You could say that the Duggars have made their business our business by conducting their lives on television. I have never watched their show, spent any time on their website, or paid much attention to them. I have a friend who watches the show and she informs me that Michelle is a very patient and calm mother who never yells at her kids, even though she has nineteen of them. I have two kids and I highly doubt anyone would describe me that way, so I have to respect Michelle's character for that reason alone. All of this to say that I don't have any opinion on the Duggars or their lifestyle.
I read this blog post first, in which Rachel Stone writes:
The Duggars will always have their critics. But they are people—not a circus, not a freak show, not an ideology. So while I may work out my understanding of Christianity very differently from them, I refuse to believe that there’s nothing I can learn from them; that their concerns and griefs and joys—their stories—are so very different from mine.I very much agree with this.
Next I read about the Duggars having a funeral for their baby and distributing photos that they had taken. A headline suggested that there was some criticism of them, and Google helped me find a nasty article, which perhaps is only what one could expect from a website called Gawker. (I was going to include the link, but decided not to, because it's unnecessarily rude and uses abusive language. If you want to read it, Google can help you find it, too.) It says that it is not normal to take pictures of a miscarried child (it uses the word "fetus," of course), and recommends retroactively that the Duggars should have stopped having children a long time ago. You can't miss the difference between the horrible tone of the Gawker article and the tender love expressed here, in a letter Michelle wrote to her baby and read aloud on her website.
But the real impetus for this post was reading Katie Allison Granju's take on the story here. Katie herself lost a child recently; her eighteen year old son died of complications from a drug-related assault. Katie has been criticized too, like Michelle, for dealing with her grief in her own way. Her post talks about the way Victorians grieved and about how our culture doesn't have rituals for grieving a lost child. The whole post is very much worth reading. Here's one little snippet:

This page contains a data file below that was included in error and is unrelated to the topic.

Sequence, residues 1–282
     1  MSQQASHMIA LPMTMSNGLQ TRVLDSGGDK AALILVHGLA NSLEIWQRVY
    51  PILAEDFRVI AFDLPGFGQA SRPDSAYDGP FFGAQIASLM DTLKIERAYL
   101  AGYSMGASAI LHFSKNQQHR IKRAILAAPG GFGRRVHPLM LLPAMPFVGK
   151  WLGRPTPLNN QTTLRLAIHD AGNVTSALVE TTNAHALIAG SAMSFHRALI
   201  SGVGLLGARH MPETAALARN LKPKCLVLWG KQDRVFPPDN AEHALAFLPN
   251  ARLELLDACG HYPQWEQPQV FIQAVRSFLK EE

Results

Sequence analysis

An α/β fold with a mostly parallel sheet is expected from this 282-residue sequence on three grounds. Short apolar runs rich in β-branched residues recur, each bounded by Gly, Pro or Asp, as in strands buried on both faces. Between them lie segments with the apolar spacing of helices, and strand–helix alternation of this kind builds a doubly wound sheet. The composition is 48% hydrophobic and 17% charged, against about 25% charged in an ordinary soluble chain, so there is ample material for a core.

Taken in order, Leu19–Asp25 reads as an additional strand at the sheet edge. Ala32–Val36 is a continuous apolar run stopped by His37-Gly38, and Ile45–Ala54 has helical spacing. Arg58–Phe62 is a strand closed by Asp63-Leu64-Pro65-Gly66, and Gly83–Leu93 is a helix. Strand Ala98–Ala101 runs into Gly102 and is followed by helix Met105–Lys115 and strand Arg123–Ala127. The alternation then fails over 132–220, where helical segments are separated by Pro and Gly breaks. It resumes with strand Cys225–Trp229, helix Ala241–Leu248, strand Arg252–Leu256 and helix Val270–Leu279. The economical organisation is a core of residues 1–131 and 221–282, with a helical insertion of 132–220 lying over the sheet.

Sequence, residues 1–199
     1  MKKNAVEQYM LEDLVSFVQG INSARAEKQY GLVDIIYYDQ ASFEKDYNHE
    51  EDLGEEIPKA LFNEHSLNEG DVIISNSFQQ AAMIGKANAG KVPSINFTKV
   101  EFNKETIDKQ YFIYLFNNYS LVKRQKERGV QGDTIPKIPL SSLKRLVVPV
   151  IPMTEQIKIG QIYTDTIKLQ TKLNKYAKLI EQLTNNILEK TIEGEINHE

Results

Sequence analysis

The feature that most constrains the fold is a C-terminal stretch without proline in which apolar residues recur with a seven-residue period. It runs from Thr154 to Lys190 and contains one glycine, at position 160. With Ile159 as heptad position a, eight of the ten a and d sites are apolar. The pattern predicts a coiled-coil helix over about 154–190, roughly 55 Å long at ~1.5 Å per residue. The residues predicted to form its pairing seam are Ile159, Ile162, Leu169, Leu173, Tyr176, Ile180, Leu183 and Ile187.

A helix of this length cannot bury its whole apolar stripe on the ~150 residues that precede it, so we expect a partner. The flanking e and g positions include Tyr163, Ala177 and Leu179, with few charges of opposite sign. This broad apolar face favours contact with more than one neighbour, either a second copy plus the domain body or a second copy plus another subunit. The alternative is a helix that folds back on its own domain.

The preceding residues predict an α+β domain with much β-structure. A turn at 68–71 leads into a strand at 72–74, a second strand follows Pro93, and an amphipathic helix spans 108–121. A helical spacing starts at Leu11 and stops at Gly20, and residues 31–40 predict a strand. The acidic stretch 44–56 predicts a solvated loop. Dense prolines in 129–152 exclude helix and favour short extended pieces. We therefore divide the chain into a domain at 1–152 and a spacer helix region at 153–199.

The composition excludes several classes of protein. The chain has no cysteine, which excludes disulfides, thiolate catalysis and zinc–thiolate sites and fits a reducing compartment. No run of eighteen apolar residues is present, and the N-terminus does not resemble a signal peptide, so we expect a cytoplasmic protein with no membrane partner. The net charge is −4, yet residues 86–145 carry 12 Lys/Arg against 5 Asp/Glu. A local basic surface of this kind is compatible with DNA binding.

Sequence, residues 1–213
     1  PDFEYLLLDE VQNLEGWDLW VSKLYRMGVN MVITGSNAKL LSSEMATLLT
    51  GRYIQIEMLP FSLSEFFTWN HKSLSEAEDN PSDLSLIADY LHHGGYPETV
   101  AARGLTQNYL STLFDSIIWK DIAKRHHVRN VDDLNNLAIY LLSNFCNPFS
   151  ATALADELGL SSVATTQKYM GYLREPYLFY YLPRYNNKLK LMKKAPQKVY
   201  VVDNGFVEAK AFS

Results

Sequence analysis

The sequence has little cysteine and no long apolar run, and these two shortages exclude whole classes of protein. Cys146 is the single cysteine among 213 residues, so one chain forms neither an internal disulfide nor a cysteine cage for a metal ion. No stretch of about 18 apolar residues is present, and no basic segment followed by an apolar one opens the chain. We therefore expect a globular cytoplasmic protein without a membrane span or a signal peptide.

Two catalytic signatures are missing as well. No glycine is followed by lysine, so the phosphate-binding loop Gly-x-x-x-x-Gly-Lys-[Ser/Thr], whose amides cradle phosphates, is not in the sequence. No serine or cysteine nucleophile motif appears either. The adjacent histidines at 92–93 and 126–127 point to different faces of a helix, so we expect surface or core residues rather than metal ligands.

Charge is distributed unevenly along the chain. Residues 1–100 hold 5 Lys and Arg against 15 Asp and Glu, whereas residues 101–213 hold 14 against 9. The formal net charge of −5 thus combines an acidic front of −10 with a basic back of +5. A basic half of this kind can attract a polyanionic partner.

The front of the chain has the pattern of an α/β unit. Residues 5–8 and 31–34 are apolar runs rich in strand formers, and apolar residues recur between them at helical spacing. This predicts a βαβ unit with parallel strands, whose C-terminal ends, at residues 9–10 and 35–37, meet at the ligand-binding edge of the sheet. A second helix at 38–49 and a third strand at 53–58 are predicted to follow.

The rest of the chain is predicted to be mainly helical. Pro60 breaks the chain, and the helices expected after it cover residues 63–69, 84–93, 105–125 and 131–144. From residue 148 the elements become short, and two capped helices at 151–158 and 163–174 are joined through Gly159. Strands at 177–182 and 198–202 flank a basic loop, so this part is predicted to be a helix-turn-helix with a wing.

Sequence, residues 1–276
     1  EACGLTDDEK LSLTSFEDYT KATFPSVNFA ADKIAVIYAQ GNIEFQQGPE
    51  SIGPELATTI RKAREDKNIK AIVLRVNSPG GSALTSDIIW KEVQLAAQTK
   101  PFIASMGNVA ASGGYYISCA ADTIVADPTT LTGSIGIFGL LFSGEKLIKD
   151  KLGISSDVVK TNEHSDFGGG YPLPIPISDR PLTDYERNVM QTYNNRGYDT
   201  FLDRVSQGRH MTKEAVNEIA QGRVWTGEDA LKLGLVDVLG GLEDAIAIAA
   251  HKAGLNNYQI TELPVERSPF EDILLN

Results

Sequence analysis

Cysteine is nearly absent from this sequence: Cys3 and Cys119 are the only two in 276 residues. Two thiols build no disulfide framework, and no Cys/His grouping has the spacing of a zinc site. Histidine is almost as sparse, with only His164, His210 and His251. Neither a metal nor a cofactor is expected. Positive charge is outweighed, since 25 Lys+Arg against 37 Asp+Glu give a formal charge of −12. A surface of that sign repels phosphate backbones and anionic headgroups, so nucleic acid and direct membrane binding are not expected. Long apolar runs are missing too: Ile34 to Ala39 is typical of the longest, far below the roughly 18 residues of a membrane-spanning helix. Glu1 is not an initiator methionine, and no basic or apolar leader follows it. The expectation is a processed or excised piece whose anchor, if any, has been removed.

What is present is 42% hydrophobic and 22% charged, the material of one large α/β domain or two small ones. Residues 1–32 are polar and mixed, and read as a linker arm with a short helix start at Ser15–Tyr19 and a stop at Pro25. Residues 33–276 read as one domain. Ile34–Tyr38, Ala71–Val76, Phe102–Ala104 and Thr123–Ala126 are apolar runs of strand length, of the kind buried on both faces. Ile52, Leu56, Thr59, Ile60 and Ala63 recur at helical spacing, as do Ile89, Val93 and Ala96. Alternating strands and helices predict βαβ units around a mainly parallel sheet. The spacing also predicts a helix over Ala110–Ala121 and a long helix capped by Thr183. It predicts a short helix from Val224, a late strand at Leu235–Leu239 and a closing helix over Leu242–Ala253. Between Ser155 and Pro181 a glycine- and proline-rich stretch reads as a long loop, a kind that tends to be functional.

The fact that those photos of Jubilee Duggar’s little foot and hand might make other people uncomfortable – people who didn’t just have their child die – isn’t the point. Memorial rituals and grief traditions are about helping the parents whose child has just died feel comforted and supported. They’re not about pleasing the rest of us, or about conforming to how we would do it, or about conforming to funerary rites that we would prefer. In fact, expressing our own preferences or tastes in criticizing the way another parent chooses to memorialize her recently dead child strikes me as being in far worse taste than anything the bereaved parent might have done.
I wrote in the first paragraph about how I lost a baby to miscarriage very early in pregnancy. I chose to tell people about it. Many women and even some men shared with me about their own experiences. My brother-in-law wrote me an email saying that he imagined their miscarried children playing in heaven with mine. (Michelle expresses a similar idea in her letter, linked above.) Do you find that creepy? It comforted me. I felt supported by people who had been through miscarriage and come out on the other side. I also chose to name my baby, though I haven't shared the name with very many people. I didn't know the sex of the baby but I thought of her as a girl. I had seen her beating heart on an ultrasound and she was very real to me, a child who was already part of our family. I grieved for my baby for a long time. A few weeks after her due date I started to come out of the fog but thinking about that experience still makes me sad.
Of course, not every woman grieves as intensely as I did for an early miscarriage. That's fine, too. Everyone is different. After the earthquake, I felt a lot of impatience with myself and even shame for the way I grieved, and I have come to accept that it's not wrong or weak to feel what you feel (can you tell I went to counseling?). Grief is not predictable, and it's very personal.
I'm very sorry for Michelle Duggar's loss. I find it completely normal to want to take a picture of her baby. I don't think the pictures are in bad taste. (Tweeting them probably was, but that's another issue. Katie's post says that after a teenaged relative Tweeted the pictures, the Duggars chose to post them on their own site. Apparently they were intended just for the family and for those at the funeral.) And I think both Rachel Stone and Katie Granju are right, that we all just need to be a whole lot kinder. Surely everyone can agree with that.